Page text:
Three Years After Inheriting a 30-Year-Old 345-KV SF6 Bus Duct installed on a critical transmission line, Ameren Corp. (St. Louis, Missouri, U.S.) engineers faced significant repair challenges.

Approximately 1100 ft (335 m) of bus duct has operated in the middle of a 30-mile (48-km) line that runs from the Duck Creek power plant to the Tazewell substation in central Illinois, U.S. Critical to the Ameren system, this line provides stability to the Peoria, Illinois, area and is one of two outlets for Duck Creek. Although the bus duct is located at the Edwards plant, the line does not connect to the plant, it simply passes through the switchyard. Aware this bus duct was nearing the end of its useful life, Ameren was in the process of evaluating replacement options when, on June 22, 2006, the 1100-ft section of 345-kV bus duct failed as a result of a lightning strike on the overhead line.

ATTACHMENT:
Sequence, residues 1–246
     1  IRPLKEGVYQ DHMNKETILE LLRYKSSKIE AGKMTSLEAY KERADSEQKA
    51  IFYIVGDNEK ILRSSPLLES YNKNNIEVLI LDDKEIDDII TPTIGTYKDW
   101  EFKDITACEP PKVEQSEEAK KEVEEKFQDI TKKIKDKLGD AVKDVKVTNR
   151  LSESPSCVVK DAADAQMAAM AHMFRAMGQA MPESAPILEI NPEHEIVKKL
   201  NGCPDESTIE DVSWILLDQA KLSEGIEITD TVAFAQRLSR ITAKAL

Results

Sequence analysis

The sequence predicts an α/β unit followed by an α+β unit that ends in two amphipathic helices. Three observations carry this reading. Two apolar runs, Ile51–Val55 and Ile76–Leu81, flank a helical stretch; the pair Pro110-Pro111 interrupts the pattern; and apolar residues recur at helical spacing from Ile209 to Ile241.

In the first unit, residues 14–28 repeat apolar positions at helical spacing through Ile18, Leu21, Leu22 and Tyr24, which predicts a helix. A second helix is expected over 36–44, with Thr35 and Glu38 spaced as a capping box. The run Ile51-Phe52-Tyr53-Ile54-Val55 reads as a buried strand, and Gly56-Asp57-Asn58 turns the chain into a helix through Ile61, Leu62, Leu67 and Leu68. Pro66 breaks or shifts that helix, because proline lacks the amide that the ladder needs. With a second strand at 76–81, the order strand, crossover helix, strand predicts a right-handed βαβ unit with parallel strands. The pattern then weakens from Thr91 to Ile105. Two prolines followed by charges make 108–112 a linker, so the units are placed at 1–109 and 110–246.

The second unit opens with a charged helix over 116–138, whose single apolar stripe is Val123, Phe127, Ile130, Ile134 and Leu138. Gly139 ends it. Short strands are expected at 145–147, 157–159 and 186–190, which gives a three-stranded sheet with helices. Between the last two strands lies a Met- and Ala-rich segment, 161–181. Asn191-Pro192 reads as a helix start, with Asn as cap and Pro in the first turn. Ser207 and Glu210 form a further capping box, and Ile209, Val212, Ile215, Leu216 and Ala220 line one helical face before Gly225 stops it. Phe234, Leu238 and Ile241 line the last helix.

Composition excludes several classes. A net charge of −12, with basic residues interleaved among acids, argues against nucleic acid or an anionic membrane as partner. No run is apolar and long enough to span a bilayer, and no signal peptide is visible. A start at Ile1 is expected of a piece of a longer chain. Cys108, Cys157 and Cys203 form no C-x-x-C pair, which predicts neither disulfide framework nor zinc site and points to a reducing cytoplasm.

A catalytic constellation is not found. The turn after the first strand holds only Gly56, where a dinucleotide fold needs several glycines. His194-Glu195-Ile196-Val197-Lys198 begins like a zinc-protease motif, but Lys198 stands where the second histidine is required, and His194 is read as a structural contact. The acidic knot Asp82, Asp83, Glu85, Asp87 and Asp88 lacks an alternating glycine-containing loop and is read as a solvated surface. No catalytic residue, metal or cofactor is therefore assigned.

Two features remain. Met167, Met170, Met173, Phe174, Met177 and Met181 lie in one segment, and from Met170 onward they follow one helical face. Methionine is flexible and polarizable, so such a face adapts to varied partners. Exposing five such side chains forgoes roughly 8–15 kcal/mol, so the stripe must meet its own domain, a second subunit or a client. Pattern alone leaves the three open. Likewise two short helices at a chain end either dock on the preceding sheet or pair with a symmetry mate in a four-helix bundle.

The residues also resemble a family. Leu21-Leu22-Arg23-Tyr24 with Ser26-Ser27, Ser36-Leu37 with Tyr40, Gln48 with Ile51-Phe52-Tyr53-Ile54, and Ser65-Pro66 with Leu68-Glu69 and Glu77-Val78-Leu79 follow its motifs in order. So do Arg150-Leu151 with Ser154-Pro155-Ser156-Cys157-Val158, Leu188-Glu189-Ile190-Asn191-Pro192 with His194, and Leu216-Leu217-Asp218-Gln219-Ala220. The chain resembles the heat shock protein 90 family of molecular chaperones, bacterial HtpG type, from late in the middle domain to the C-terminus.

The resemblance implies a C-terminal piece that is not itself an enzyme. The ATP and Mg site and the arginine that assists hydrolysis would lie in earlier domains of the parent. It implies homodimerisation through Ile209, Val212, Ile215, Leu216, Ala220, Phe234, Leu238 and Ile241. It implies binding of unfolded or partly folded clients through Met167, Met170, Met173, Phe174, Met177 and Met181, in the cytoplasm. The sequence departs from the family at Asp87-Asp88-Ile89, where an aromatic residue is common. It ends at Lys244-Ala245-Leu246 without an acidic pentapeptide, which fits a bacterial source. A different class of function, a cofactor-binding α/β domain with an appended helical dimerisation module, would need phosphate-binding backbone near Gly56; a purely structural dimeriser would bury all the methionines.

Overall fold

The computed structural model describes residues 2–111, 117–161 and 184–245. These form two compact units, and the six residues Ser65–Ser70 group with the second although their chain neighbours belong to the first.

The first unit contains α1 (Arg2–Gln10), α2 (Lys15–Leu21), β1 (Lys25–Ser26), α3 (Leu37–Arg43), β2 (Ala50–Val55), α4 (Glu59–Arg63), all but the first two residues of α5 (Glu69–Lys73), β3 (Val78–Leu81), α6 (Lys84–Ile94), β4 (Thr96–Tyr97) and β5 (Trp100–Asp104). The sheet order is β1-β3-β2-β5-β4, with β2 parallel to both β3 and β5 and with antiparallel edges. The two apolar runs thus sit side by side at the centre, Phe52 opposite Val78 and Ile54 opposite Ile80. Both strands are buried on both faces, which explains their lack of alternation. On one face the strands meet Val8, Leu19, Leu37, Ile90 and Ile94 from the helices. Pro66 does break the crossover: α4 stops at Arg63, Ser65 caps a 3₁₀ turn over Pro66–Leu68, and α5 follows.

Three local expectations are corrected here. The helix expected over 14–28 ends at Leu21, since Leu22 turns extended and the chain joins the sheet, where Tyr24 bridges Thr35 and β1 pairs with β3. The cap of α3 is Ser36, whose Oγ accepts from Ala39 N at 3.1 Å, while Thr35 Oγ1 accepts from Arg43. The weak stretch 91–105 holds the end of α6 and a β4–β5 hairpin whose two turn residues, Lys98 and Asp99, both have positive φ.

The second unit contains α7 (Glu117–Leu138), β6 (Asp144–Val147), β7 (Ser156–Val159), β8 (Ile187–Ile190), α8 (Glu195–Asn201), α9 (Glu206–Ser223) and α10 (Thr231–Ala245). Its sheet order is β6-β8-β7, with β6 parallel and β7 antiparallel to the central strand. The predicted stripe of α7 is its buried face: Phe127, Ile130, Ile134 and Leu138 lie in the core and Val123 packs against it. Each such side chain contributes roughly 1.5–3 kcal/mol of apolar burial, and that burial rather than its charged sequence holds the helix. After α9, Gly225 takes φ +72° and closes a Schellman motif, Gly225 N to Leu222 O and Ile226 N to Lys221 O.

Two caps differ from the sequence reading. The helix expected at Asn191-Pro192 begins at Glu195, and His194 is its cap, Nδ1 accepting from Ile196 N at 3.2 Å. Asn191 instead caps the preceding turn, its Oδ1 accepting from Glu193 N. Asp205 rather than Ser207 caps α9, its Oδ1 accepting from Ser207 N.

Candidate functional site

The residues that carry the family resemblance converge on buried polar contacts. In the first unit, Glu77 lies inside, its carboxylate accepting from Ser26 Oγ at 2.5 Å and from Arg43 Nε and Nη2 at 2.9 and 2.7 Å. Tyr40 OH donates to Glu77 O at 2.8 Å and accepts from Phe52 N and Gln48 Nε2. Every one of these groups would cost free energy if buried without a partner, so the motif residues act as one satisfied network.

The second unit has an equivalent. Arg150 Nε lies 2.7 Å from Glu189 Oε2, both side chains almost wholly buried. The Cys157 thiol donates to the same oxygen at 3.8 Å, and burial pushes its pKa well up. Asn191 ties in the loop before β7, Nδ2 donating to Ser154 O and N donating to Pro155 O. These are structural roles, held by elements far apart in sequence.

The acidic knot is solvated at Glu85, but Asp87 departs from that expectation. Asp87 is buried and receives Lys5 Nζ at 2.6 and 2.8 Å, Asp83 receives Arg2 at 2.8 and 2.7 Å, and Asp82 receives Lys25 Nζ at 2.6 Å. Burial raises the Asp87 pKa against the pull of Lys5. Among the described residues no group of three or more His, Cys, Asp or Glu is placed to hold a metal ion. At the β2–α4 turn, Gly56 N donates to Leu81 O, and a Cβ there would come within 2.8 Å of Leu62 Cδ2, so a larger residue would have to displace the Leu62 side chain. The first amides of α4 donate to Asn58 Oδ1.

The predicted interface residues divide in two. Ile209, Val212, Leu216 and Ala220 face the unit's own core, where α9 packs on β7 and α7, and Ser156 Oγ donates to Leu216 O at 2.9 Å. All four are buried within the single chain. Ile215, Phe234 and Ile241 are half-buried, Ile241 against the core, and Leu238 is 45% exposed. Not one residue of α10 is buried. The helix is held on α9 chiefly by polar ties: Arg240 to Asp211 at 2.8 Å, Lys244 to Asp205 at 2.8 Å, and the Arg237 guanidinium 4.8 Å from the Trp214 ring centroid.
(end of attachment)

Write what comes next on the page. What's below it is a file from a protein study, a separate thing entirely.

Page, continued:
Maintenance crews worked diligently to locate the fault and repair it, but their attempts were unsuccessful due to inadequate test equipment. When Ameren learned an on-site repair was unlikely, the utility quickly switched gears and began investigating other options to put the line back in service. Stringing a single phase of overhead was feasible, so within a week, the conductor was engineered and installed. The 345-kV line was reenergized with one phase overhead (the bus-bypass phase) and two phases through the surviving bus duct. It was a tight squeeze to maintain clearance over the ground and stay safely below the 15 138-kV and 69-kV circuits exiting the Edwards switchyard.


After energizing the circuit via the temporary overhead bypass, Ameren began investigating permanent replacement options that could be put in place within a year. Primary considerations for all alternatives included reliability, schedule and cost. Safety, constructability, outages and operability were factors as well.